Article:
4. Substantial-insubstantial, yang-yin. In tai chi all is based on this principle. All is flow. Substantial becomes insubstantial becomes substantial. As yin ends, yang begins.

5. The tan tien (roughly the waist/pelvic area) controls everything. All movement begins at the tan tien. This too is quite a neat experience, as much of our movement begins in the arms or legs and not form the waist. To move from the dan tien makes for a very different way of moving. Feels much more balanced.

6. That which looks the easiest is the most difficult to master.

7. Though tai chi is exercise or martial art it is really about self-understanding.


Finding a good teacher

Much can be learned from a good teacher. But how to find one? The internet has changed much. When I was looking for a tai chi teacher I searched the web and read as much as I could. I found Master Jesse Tsao in San Diego and registered with his school. Master Jesse has wonderful form and a gentle, winsome spirit. Here is a little of his Yang style. There is a link to Jesse's website on the sidebar.

I have read in different places that, though a good teacher is essential, you learn most through daily practice as you begin to open chi and your body learns and changes. It is said that it takes ten years of daily practice to become proficient in the basic form. So ... not a quick fix. More a lifestyle change.


Why tai chi?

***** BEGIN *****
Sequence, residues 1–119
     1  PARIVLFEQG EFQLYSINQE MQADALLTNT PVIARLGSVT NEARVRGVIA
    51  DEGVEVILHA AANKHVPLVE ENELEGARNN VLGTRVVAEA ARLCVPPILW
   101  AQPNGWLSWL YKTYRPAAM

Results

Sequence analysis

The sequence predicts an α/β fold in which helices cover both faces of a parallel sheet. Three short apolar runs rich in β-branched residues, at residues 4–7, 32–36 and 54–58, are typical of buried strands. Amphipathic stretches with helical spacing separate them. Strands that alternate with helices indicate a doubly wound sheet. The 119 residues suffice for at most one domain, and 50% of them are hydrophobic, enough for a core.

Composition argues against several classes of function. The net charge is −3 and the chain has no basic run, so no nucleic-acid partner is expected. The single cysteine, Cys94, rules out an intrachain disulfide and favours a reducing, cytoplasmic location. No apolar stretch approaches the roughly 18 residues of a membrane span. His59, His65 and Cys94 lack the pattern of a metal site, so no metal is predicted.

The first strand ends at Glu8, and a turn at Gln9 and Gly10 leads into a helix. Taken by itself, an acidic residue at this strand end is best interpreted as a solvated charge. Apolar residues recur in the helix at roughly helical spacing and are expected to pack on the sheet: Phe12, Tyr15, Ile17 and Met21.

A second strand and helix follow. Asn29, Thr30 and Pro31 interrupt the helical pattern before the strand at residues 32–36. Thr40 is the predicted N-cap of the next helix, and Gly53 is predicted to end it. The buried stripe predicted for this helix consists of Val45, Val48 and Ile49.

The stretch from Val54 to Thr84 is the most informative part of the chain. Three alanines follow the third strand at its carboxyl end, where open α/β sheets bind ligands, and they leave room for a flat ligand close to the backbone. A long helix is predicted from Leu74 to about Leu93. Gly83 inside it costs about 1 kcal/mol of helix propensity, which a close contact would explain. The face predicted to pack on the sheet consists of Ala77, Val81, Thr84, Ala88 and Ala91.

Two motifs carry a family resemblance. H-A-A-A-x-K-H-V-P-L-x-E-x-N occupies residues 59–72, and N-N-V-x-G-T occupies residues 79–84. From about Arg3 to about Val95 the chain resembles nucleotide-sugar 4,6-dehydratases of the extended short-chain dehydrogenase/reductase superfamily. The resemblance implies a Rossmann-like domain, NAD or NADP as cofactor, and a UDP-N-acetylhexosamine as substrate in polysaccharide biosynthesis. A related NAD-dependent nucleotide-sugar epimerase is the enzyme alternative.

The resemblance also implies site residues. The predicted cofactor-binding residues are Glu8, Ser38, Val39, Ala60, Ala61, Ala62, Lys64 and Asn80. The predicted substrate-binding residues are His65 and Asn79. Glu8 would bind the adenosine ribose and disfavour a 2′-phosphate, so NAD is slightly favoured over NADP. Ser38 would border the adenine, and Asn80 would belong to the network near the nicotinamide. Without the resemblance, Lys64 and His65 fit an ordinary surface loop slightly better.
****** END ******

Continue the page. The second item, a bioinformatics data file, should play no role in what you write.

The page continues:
I suppose the answers are as varied as those who practice. For me, tai chi is part of a larger world—the direction of a life. At 52 you have the luxury of being able to look back and find patterns. The thread running though my life, personal and professional, has been a quest to become a certain kind of person. I was asked by a colleague a few years ago what I wanted in life. I replied that I want to be a person of peace. My writing—books, articles, blogs and sermons—have focussed most on nonviolence and peacemaking and increasingly on love. A person of peace. A person who loves.

To become such a person is to see life as a practice: the practice of peace, the practice of love. A practice is rooted in a long historical tradition, and to become adept at a practice requires the daily learning of virtues that make up the practice.

For many years I had assumed that this was mostly about the life of the mind or spirit. More recently, I have realized that the life of the mind needs to be in harmony with the body. Mind and body harmonized through spirit, chi, ki, energy, the divine.

In eastern traditions there is a greater sense of the unity of mind and body than in the west, where we have generally denigrated bodily experiences. So, some eleven years ago I began an exploration of eastern philosophies, the practice of breathing meditation, and walking meditation. The journey led me a few years ago to tai chi. I practiced for a while, but then left it. In 2010, I returned with more seriousness. Meditation in motion. Conscious movement. Unity of body, mind and spirit. Bodily virtue of the life practice of nonviolence.


A beginning

I am a beginner. I think most of us are beginners. Those who think they have arrived are probably further back than most.

At this point I have about 60 hours tai chi practice and many hours studying. It occurred to me that much that I have learned I have lost, and so decided to write a blog of what I learn. I can then return to it later. The things I learn may be helpful to others.

So, take a walk on the slow side with me ...